Anglicism

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An·gli·cism

also an·gli·cism  (ăng′glĭ-sĭz′əm)
n.
1.
a. A word, phrase, or idiom characteristic of or peculiar to the English language.
b. A Briticism.
2. A typically English quality.

[From Medieval Latin Anglicus, English; see Anglican.]

Anglicism

(ˈæŋɡlɪˌsɪzəm)
n
1. (Linguistics) a word, phrase, or idiom peculiar to the English language, esp as spoken in England
2. an English attitude, custom, etc
3. the fact or quality of being English

An•gli•cism

(ˈæŋ gləˌsɪz əm)

n. (sometimes l.c.)
1. a Briticism.
2. an English word, idiom, etc., occurring in or borrowed by another language.
3. the state of being English; characteristic English quality.
4. any custom, manner, idea, etc., characteristic of the English people.
[1635–45; < Medieval Latin Anglic(us) English + -ism]

Anglicism

1. a word, idiom, or feature of the English language occurring in or borrowed by another language.
2. U.S. a Briticism.
3. any manner, idea, or custom typical of the English people. Also called Englishism.
See also: English
ThesaurusAntonymsRelated WordsSynonymsLegend:
Noun1.Anglicism - an expression that is used in Great Britain (especially as contrasted with American English)
formulation, expression - the style of expressing yourself; "he suggested a better formulation"; "his manner of expression showed how much he cared"
2.Anglicism - a custom that is peculiar to England or its citizens
custom, usage, usance - accepted or habitual practice
Translations
англицизъм
anglicizamanglizam
anglicism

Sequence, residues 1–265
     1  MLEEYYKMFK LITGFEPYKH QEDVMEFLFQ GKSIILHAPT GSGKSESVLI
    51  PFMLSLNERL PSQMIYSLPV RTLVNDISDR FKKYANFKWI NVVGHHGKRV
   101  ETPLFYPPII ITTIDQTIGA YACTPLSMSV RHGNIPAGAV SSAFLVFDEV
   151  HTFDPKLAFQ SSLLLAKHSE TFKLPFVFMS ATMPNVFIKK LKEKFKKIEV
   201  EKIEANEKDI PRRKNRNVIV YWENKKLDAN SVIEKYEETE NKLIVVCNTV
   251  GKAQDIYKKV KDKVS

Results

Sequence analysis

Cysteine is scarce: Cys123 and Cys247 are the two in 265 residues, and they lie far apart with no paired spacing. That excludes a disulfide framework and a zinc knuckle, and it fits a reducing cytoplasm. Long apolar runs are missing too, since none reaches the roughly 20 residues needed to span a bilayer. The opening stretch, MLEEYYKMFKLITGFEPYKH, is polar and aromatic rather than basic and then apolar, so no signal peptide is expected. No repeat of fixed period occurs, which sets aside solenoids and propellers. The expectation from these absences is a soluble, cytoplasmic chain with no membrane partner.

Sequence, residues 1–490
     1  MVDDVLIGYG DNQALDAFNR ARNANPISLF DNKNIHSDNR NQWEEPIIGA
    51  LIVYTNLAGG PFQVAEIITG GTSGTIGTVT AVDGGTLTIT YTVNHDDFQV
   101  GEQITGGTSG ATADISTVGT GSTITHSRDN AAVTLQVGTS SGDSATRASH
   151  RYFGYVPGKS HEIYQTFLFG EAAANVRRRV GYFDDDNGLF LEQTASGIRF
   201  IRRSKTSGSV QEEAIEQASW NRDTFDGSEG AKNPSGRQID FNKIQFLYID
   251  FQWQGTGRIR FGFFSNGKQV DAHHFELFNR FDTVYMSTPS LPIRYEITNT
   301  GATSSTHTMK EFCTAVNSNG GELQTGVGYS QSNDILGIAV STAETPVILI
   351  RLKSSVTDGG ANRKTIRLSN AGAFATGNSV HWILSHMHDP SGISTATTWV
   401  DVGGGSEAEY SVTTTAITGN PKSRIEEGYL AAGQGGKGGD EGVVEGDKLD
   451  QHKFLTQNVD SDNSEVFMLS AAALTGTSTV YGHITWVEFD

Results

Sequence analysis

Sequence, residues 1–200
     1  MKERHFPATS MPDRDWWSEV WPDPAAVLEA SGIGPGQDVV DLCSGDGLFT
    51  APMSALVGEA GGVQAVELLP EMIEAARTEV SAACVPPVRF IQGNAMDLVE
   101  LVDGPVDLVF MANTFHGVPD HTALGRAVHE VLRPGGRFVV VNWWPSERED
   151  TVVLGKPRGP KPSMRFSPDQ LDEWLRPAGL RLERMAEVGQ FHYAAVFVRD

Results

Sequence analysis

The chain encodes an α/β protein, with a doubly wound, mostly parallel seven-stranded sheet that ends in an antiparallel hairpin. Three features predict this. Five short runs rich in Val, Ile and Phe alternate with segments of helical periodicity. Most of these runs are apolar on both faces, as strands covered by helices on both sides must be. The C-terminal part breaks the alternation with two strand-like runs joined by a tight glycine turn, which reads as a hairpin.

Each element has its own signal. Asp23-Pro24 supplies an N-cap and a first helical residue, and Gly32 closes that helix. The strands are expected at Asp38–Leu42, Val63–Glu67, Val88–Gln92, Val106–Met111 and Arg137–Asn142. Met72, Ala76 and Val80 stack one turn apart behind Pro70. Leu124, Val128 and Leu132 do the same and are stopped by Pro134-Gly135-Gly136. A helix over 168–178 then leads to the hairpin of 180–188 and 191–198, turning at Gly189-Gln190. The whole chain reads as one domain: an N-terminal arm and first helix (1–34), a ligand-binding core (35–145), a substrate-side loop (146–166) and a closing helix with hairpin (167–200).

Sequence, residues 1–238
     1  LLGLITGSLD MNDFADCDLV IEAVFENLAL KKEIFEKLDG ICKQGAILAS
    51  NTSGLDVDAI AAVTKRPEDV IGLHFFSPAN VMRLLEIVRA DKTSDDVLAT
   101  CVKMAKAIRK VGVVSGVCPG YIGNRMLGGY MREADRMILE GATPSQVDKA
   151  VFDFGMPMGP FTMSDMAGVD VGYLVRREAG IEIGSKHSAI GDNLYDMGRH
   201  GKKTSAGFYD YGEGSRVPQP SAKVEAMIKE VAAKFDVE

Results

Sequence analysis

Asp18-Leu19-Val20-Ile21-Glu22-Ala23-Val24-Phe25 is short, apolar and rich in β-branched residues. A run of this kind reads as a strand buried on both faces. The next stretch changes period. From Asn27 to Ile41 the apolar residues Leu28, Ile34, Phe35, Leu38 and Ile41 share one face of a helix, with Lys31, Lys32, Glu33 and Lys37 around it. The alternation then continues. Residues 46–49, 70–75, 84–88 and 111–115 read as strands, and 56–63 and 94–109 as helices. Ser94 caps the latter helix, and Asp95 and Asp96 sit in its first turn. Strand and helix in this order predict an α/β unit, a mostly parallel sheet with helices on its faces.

anglicism

[ˈæŋglɪsɪzəm] Nanglicismo m, inglesismo m

anglicism

nAnglizismus m
References in periodicals archive ?
Go to France, listen to conversations in the street and programmes on radio and TV and you will hear anglicisms all the time.
Not surprisingly, books, chapters, and essays on Anglicisms in Polish have proliferated.
The various outcomes Anglicisms have in different sociolinguistic contexts call to the attention of the scholar interesting problems in the area of semantics and the formation of mixed lexes" (251).
Their topics include cultural influences on language learning styles, the nature of anglicisms in Estonian, online perspectives on global English, trickster humor in Thomas King's Green Grass, Running Water, raising intercultural awareness though dialogic interaction in the English as a foreign language classroom, and boundaries of identity in 20th-century linguistic and literary theory.
Little Anglicisms were left standing that distract from otherwise fine prose.
Language is anuntameable beast which is why even the Academie Francaise, the body set up to police the French language and drive out hated anglicisms like "le weekend", seems doomed to fail.
On another level, however, Barbetta takes an indulgent pleasure in the ugly and offbeat idioms of current colloquial German, with its anglicisms and emphatic exclamations like "Hundert Pro
25), as are in fact many strands of discussion throughout the work; the fact that many Arabic and Ottoman terms are never defined, the liberal use of unexplained Latin terms and idioms (as well as some odd Anglicisms and Gallicisms, viz.
Integrating too many anglicisms or idiosyncrasies into the language taught in school--and used in the media--is yet another way for French to disappear in North America.
These are the people who use the worst sort of Anglicisms and Gallicisms, but reject the simple 'me parece' as artificial
How these Anglicisms and Australianisms survived the tyrannically homogenizing copy editing of an American university press I will never understand.
Campbell's story, prior to Silvestre's edits, and it is filled with Anglicisms, nonsensical literal translations from English to Spanish, and a tremendous amount of English syntax.